Haldiram Marketing Pvt. Ltd was started in 1936. Their major share is namkeen and snack food
market in India along with syrups, crushes, chips and papads. They have a strong presence in
northern India especially in New Delhi. They exports to USA, UK, Canada, Australia,
Singapore and the UAE.

3.5 MTR Foods Ltd
MTR Foods Ltd is an ISO 9002 and HACCP certified company is amongst the top five
processed food manufacturers in India. They manufacture, market and export a wide range of
packaged foods to global markets that include USA, UK, Australia, New Zealand, Malaysia,
Singapore, UAE and Oman. Their wide range of products include ready-to-eat curries and rice,
ready-to-cook gravies, frozen foods, ice cream, instant snack and dessert mixes, spices(turmeric,
coriander, black pepper) and a variety of accompaniments like pickles and papads. The strategy
followed is competitive pricing and labor intensive products that predominantly cater to the
Indian palette.
3.6 Parle Agro Private Ltd
Parle Agro Private Ltd is leading player in the fruit based beverages segment and the bottled
water segment. Its flagship product is the fruit based drink Frooti Mango, which has 75 per
cent market share. It is also present in the mineral water segment.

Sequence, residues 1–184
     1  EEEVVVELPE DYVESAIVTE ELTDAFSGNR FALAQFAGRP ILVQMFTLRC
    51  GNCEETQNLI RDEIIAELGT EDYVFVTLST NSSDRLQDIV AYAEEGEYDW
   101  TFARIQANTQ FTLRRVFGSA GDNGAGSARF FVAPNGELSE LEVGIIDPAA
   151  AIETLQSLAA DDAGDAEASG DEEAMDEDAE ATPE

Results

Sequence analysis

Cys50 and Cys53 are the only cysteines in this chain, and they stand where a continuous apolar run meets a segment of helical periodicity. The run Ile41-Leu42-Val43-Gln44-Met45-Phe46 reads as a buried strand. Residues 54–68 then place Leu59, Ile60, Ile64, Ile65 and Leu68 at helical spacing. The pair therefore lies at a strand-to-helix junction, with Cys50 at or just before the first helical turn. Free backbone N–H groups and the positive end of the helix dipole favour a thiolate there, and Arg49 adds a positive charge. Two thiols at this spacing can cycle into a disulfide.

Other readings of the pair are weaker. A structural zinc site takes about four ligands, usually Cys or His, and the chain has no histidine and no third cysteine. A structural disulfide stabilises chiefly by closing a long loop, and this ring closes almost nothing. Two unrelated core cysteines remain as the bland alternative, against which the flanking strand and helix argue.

3.7 Hindustan Unilever Limited (HUL)
The parent company Unilever is a Fortune 500 transnational, which sells Foods and Home and
Personal Care brands in about 100 countries worldwide. India’s largest fast moving consumer
goods company, with leadership in Home & Personal Care Products and Foods & Beverages. It
caters mainly to the beverages, staples, snacks and dairy products with a wide range of products
like tea, instant coffee, biscuits, ice creams, salt, wheat flour, instant drinks, soups, jams and
squash.
3.8 Britannia Industries Ltd
A leading player in the Indian organised biscuit market with nearly 30 per cent value share. The
Nusli Wadia group, one of the oldest business houses in India and Groupe Danone, French
multi-products food company, equally share the 48.5 per cent promoter holding in Britannia. It
mainly caters to the bakery products segment with a product portfolio of biscuits, flavoured
milk, dairy whitener, ghee, bread, cake and rusk.
3.9 Agro Tech Foods
A dominant player in the edible oils and branded foods sector, in India. ConAgra Foods Inc of